Charli XCX Shines at Pitchfork Chicago

Cover Photo By Marcus Cooper

By: Graeme Guttmann, Contributor, Regional Music Journal

In an unreleased song, one that belongs in the graveyard of Best Pop Songs That Will Never See The Light of Day, Charli XCX asks, “Do you want to come to my party?” The question acts as a sort of mission statement for her entire career. With her Sunday night setlist at Pitchfork Music Festival in Union Park, Charli brought the party to Chicago and with it, thousands of fans that made good on their promise to party with Charli.

Aerial Shot of Pitchfork in Chicago – Photo by Matt Lief Anderson

As soon as the distorted electro-production of “Track 10” sounded from the speakers, not a single person stopped screaming. Charli took the stage in a crop top and shorts, sunglasses perched cockily on her nose. With an excited smile, and after basking in the glow of adoring fans, Charli dove into the performance with a determination that is rare amongst her peers.

The chaotic pop-noise production of Charli’s recent work with the PC Music collective felt amplified within Union Park’s intimate setting, which only allotted space for three stages, two of which are next to each other. Charli dominated the west side of the park as she played a mixture of deep cuts, fan favorites, and her biggest singles and features.

“Vroom Vroom,” from the similarly titled 2016 EP, was the first sign that Charli would not back down during her set. The crowd sang every word of the rap-like verses, laced with menacing production, before Charli led them into the sugary-sweet chorus with the ease of someone who knows how to have a good time – and that seems to be all that Charli wants, to have a good time and make sure that her fans do, too.

As Charli transitioned into deep cuts from her mixtapes to one-off singles like “Boys,” her relentless energy bled into the crowd. “Gone,” the most recent single from her upcoming album, was sung by nearly every fan, despite the fact that the song had just come out four days prior to the set. During the coda, Charli wildly danced around the stage, putting her microphone down for maximum range of movement. The crowd danced along with her, sweat and mud and spilling drinks be damned.

It has been a long four years since Charli’s last album, Sucker, a period of time that has proved tumultuous for the singer. After being forced to scrap the original concept for her third album due to a massive leak, Charli leaned heavily into collaborations. Most every song from both of her critically lauded 2017 mixtapes, Number One Angel and Pop 2, is a collaboration and Charli does some of her best work when she’s working with some of pop’s biggest rising stars.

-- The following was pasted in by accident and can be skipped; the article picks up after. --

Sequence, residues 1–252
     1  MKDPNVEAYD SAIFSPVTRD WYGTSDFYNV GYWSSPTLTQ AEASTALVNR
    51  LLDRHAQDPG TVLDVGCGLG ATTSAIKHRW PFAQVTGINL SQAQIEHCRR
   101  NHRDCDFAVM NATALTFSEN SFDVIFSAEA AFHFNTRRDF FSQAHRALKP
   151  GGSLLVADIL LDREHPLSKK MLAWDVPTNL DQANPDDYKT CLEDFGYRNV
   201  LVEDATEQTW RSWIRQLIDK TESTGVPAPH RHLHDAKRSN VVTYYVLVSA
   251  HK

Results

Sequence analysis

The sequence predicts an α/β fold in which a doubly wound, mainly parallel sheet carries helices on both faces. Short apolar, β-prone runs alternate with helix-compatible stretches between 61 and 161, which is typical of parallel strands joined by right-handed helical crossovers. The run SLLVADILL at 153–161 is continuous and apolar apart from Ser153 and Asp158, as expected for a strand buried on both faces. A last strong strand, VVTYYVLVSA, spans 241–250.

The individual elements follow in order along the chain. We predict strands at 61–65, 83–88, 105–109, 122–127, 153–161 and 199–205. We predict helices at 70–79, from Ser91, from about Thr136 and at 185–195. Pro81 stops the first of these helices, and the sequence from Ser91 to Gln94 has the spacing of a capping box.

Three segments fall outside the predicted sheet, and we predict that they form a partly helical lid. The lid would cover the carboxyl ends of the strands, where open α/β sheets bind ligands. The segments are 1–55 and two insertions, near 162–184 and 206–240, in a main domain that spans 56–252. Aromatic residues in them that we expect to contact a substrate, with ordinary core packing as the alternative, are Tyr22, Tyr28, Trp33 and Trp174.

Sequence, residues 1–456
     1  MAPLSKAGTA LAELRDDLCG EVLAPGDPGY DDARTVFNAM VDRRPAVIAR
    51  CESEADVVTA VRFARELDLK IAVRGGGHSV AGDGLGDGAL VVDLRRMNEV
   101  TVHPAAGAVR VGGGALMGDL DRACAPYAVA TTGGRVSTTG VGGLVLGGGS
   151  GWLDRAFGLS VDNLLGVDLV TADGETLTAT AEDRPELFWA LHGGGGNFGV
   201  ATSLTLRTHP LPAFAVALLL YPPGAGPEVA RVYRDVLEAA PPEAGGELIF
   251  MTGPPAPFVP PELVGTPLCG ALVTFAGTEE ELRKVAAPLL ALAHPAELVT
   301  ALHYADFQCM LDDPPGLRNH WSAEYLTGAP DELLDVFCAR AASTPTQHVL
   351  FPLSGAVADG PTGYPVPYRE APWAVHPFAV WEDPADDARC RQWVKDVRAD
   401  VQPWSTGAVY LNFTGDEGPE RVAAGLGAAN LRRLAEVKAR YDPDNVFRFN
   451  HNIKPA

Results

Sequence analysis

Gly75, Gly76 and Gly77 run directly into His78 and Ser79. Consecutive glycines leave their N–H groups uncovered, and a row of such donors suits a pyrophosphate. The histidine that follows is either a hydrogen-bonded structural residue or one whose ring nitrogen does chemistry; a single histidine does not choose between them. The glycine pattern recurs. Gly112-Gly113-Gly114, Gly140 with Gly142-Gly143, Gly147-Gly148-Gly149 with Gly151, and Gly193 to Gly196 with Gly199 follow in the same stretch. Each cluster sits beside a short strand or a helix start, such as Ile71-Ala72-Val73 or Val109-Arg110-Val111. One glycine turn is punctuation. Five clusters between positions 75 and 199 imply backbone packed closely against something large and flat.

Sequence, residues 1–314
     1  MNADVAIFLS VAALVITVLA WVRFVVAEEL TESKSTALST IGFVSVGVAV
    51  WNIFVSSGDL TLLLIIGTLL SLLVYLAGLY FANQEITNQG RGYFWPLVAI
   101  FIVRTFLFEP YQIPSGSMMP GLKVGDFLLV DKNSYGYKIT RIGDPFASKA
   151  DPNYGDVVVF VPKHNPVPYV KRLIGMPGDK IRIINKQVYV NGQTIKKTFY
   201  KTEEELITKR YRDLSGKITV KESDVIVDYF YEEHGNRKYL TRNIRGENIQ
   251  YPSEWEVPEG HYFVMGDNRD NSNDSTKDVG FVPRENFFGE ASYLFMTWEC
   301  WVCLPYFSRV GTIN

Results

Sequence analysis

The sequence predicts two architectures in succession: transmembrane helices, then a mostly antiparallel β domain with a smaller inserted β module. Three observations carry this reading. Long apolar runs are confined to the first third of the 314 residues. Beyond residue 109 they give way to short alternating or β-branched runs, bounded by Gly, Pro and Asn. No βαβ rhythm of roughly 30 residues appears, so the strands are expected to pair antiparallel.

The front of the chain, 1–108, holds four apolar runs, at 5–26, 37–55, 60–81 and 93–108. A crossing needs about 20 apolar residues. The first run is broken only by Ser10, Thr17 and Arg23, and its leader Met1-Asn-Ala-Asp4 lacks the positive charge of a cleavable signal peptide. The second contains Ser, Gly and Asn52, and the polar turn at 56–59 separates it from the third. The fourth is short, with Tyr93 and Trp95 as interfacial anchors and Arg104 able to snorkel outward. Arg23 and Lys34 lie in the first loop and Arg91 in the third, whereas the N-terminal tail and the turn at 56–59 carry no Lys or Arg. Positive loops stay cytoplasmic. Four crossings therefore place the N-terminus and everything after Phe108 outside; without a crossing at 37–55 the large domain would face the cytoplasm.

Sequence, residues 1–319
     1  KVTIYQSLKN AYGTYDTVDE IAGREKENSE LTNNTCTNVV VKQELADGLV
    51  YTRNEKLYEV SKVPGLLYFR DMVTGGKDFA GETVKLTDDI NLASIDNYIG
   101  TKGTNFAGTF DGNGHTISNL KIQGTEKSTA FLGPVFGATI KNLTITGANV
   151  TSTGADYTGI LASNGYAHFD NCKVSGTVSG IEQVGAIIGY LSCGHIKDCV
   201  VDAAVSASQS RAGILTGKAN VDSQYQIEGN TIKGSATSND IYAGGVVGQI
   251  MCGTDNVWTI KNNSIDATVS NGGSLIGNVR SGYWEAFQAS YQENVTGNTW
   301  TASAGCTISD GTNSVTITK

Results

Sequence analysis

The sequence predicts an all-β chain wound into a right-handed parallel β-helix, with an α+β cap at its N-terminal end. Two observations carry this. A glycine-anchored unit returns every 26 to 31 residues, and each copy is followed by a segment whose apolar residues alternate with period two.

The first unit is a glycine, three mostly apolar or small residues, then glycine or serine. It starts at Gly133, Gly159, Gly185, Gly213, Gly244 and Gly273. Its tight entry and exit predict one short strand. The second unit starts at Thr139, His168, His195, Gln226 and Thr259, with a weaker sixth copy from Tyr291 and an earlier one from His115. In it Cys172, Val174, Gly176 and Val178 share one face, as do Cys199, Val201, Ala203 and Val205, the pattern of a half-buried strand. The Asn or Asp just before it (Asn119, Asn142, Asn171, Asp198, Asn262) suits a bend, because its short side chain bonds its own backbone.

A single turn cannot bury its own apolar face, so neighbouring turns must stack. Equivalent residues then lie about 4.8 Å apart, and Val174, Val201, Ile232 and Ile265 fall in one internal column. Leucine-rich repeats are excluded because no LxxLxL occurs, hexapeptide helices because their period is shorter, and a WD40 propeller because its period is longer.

Charli brought one of these collaborations to life towards the end of her set. Local Chicago rapper Cupcakke came out to perform “Lipgloss” from Number One Angel, sending the crowd into hysteria. Although you could barely hear Cupcakke rapping over the screams, she slid across the stage with confident ease, Charli dancing around her, the best hype man anyone could ask for.

Charli made it clear on Sunday night that, although this stage of her career has been heavily collaborative, she is ready to once again step into the spotlight and claim her rightful spot as pop music’s most exciting and experimental act working today. Charli’s third album, eponymously titled Charli, will be released on September 13th via Atlantic Records and with six of the fifteen tracks being solo records, it is Charli’s largest output of solo work since 2014’s Sucker.

Two of Charli’s collaborators on the upcoming album, Sky Ferreira and HAIM, also played sets during the weekend. Both debuted new material from their highly anticipated upcoming albums and a surprise appearance during Charli’s set wasn’t impossible, but it did turn out to be a fever dream. It seems that Charli is saving some of her most exciting work for the album’s release, a move that makes sense after the numerous leaks she has suffered.

Robyn Performing at Pitchfork Chicago 2019 – Photo By Pooneh Ghana

Robyn also played a set Sunday night directly after Charli XCX, delivering an ethereal performance that was comparable to Charli’s in its energy and its bona fide pop perfection. Charli and Robyn may seem like odd choices for Pitchfork, which strives to provide an alternative to festivals around the country that prop up the latest Top 40 acts, but both Charli and Robyn proved on Sunday night that their work not only transcends Top 40 pop, but lays the groundwork for what the pop music landscape will look like in the years to come.

In the midst of her performance on Sunday, Charli asked the crowd, “Make some noise if me, Charli XCX, is one of the top 15 pop stars in the world!”  Charli took the noise in with a wry smirk and said, “Keeping it arrogant, but also fair, you know?” Charli has every right to be arrogant. She is involved with every step of the creative process from the top down, writing, producing, and singing her own work and putting out some of the most exciting collaborations this side of the millennium. Charli isn’t just a top 15 pop star, but a tastemaker, eyes steadily gazing towards the future with the resolve of someone who knows she’s going to conquer it all.

© Copyright 2019 Regional Music Journal